A: That is a good question. I have been thinking about that as well. But, it is a tough one at this point to point out. I am not suggesting the resumption of any major uptrend right now because the dice is loaded against the market at this point of time. You can see that. There is no energy in earnings and they probably will get marked down. The economic turf is not great. Flows from foreign institutional investors (FII), which set the price on the margin, they are disappointing. The rupee is not strong and there is every reason for volatility but not for a clean uptrend at this point in time.
So, the best that one can hope for -- if 7,900 is to hold out on the Nifty -- is basically some kind of a counter-trend move in the market. Those things can also be powerful. Now, it can happen for a variety of emotional reasons like some tax cut comes in the Budget and everybody thinks that is the palliative for all our problems and the markets make a massive run. So, maybe this 8,200-8,300 level, which I think is the near-term top for the market, this 7,900 is the near-term floor, if for some reason we can break past that 8,200-8,300 congestion zone, there might be a feeling in the market that we have a short-term bottom in place at 7,900 and this rally might extend. It is not my base case assumption, but strange things do happen in the market.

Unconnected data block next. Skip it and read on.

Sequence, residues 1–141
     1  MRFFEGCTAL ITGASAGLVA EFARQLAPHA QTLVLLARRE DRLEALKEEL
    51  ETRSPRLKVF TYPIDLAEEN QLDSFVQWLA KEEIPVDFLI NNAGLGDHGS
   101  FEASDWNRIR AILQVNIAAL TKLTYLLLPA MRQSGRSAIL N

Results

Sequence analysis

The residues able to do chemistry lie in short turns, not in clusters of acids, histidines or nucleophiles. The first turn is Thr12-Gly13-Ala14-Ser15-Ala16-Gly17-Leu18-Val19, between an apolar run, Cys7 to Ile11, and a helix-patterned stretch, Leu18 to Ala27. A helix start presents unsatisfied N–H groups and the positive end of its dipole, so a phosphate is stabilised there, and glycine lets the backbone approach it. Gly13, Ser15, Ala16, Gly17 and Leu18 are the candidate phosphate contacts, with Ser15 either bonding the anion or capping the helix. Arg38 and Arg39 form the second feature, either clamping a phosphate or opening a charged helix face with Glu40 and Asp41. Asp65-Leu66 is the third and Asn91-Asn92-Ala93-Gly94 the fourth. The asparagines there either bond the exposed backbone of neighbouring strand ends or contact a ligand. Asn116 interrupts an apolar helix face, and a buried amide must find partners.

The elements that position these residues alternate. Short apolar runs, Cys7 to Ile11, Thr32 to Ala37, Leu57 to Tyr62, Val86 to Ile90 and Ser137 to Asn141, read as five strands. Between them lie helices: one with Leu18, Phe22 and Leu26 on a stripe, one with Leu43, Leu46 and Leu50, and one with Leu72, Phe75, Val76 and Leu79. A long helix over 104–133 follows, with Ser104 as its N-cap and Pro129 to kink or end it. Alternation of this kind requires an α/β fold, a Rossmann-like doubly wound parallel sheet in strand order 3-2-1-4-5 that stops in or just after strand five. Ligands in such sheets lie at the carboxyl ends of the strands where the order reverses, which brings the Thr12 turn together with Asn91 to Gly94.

And if that were to happen, I think the stocks which might lead it are the stocks which broke the market’s back in the first place. Something new will not emerge. Maybe consumption will come back into play, maybe pharmaceuticals come back into play, maybe even non-banking finance companies (NBFC) recovered because they have been thrashed up too much. A combination of these beaten sectors can lead a fairly powerful technical pull-back move which might suggest for some time that the worst is over.
But I would submit that aside of that, we are still wading through such a difficult economic turf that barring a counter-trend powerful rally, you should not expect too much of a recovery in the market in the next few weeks. Because it is pitted with a lot of events, strange moves can happen, but I do think that we have to wade through very heavy water, which is the point I was making to you a few weeks back where people who were in a breathless rush to say that everything has been discounted, the market has put a bottom in place. I was suggesting that day to you that sometimes, it is not that easy for markets to factor in everything in five or six days and put a bottom in place. We have to do some heavy lifting over the next few weeks before we can talk about a proper resumption of this uptrend.